Serendipity with Bev Young
ON the lighter side of life in the 1800s, the settlers liked to have their Sunday picnics, weather permitting.
The glorious photograph of unknown people, all dressed out in “their Sunday best” belies the tremendous effort it took to get to the coast.
Possibly rising at dawn, the farmers would have to conclude the normal affairs of their land, wash, dress and rush off to church. That said, one presumes they had already packed the wagons for the rest of the day. This would have been well cooked meats, bread, fruit if any, salted and pickled vegetables, fresh and soured milk, fresh drinking water and well hidden jars of brandy – a “medicinal necessity”.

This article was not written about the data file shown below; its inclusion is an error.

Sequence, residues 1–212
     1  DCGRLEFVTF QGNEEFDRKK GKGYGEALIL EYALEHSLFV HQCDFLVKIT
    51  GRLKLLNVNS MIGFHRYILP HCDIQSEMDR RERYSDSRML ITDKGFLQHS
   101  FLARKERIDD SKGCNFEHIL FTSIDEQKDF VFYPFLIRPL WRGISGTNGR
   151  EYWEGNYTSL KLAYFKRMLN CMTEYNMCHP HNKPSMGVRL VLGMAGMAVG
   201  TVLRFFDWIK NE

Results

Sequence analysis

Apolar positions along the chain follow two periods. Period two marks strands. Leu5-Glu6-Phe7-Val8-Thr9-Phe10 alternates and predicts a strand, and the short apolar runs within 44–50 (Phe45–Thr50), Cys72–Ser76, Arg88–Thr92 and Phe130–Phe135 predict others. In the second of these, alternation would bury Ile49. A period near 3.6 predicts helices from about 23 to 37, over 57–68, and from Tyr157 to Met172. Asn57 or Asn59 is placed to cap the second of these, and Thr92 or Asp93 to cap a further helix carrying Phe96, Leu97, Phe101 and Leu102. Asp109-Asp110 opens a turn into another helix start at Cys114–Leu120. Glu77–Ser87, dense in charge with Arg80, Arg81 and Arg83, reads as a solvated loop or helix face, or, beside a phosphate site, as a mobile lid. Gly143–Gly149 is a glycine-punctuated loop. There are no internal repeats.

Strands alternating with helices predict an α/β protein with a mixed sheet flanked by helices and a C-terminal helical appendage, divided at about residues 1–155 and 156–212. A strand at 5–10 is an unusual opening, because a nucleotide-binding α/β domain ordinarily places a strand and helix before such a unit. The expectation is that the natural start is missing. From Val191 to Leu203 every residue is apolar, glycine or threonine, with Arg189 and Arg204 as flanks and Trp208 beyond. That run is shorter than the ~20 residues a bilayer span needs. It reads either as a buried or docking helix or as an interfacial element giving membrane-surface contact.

Many of the men brought along fishing sticks, in the hopes of a fine catch to add to the meals, and for the ladies of the groups who were breastfeeding, tents in which attend to their babies. These were used for the very elderly women to who needed a nap and for small child too – to prevent sunburn.
It was a special era – hardworking people who looked forward to the outing, one which allowed them to catch up on gossip, meet and greet far-flung neighbours, and we assume the unmarried a chance to flirt and have fun.